FIELD OF THE INVENTION
This invention relates to radio antenna structure design, and in particular to means of collocating a number of antennas whilst maintaining a high degree of electrical isolation between each one.
BACKGROUND TO THE INVENTION
In terrestrial radio communications systems there is often a requirement for covering a geographical area with an array of antennas centrally located within the area, such that each antenna provides coverage to only a segment of the total area. Such coverage segmentation may be required for reasons of sharing the total communication traffic between the antennas or for enabling the use of narrow beam antennas having a high power gain to be employed.
In such communications systems it is generally necessary to ensure a high degree of signal isolation between each antenna in such an array. Signal isolation may be required to reduce the mutual interference which may occur between each transmitter system connected to each antenna; or to reduce the mutual interference which may arise with one or more antennas operating in transmit mode whilst one or more of the other antennas are operating in receive mode.
In a cellular base station, a number of independent radios are collocated and attached to respective antennas pointing in different directions. For example, in a three sector base station each antenna is separated by 120°. Typically, each sector uses a different set of frequencies such that conventional receiver filtering schemes can be used to prevent the reception of unwanted signals. In addition, transmit and receive frequencies for the base station are in different frequency bands.
Orthogonal polarisations are used in microwave point-to-point links. Different signals on the same frequency are sent (or received) on two different polarisations from the same antenna in order to use the frequency allocation in the most efficient manner. The dish antennas used for microwave point-to-point links are high gain and create a narrow beam in a single direction containing both vertical and horizontal polarised signals.
A Bluetooth RF system is a frequency-hopping-spread-spectrum system in which packets are delivered in defined time slots on defined frequencies. A frequency-hopping-system provides interference avoidance, thus allowing a number of devices to operate independently in th4e same area at the same time.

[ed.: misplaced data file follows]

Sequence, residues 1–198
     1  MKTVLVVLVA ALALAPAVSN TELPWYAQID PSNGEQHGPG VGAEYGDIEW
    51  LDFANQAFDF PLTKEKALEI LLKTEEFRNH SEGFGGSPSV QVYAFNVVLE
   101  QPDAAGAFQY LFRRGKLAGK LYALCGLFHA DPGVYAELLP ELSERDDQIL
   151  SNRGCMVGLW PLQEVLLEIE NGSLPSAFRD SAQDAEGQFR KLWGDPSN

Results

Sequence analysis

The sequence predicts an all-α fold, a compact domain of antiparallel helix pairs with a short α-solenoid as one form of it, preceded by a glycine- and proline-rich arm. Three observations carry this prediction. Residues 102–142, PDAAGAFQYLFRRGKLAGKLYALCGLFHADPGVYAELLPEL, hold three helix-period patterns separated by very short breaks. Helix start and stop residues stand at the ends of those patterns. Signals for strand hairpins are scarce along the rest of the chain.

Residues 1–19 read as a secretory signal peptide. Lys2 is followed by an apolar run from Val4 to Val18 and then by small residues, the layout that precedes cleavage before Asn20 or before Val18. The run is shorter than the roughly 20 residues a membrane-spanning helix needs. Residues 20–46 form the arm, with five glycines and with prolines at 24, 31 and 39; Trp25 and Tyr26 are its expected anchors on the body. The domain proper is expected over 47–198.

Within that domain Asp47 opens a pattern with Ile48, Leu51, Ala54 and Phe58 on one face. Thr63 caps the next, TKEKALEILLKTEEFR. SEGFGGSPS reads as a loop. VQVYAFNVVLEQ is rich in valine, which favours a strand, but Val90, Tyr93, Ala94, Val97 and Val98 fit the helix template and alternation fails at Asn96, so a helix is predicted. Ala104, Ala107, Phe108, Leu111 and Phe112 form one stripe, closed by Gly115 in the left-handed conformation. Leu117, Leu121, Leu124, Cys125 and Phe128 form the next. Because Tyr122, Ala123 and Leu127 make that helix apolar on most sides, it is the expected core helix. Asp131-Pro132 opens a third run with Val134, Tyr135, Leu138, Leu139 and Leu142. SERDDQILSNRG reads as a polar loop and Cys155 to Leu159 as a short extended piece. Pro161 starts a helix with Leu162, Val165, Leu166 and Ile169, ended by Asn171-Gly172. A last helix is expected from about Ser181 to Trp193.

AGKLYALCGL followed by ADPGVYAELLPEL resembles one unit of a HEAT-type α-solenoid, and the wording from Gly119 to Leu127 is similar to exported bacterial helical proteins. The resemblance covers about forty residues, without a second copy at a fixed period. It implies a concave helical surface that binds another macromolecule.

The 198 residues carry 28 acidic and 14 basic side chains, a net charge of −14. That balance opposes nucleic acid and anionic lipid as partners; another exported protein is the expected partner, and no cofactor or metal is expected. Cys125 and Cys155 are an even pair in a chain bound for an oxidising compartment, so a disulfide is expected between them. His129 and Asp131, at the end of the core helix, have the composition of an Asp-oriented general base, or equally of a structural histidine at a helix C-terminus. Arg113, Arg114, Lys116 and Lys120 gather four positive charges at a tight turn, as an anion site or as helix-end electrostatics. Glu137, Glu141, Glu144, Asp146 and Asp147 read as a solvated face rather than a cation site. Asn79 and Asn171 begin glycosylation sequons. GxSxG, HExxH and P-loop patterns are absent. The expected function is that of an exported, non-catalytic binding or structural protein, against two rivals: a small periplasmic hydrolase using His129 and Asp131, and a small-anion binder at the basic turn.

The Bluetooth architecture includes a radio, a baseband link controller, link management protocols, and software. The system can be configured in symmetric mode, for data rates of up to 432.5 Kbps in each direction; asymmetric mode, for packet data rates of 721 Kbps and 57.6 Kbps in two directions; and duplex mode, for 384 Kbps 3G cellular compatibility. In addition, a Bluetooth link can operate three voice channels at 64 Kbps each in circuit-switched mode. The system uses 1 MHz frequency hopping steps to switch among 79 frequencies in the Industrial, Scientific, and Medical (ISM) 2.4 GHz band at 1,600 hops per second, with different hopping sequences used to distinguish different channels. Using small packets and fast hopping limits interference from microwave ovens and other systems operating in this unlicenced radio band, which can be used freely around the world.
Bluetooth operates in something called a piconet, in which several nodes using the same hopping sequence are connected in a point-to-multipoint system. Each piconet can manage as much as 721 Kbps with the master determining how the bandwidth is allocated to the different nodes. As many as 10 piconets of 8 devices each can operate simultaneously, providing a total of approximately 6 Mbps after the overhead is subtracted.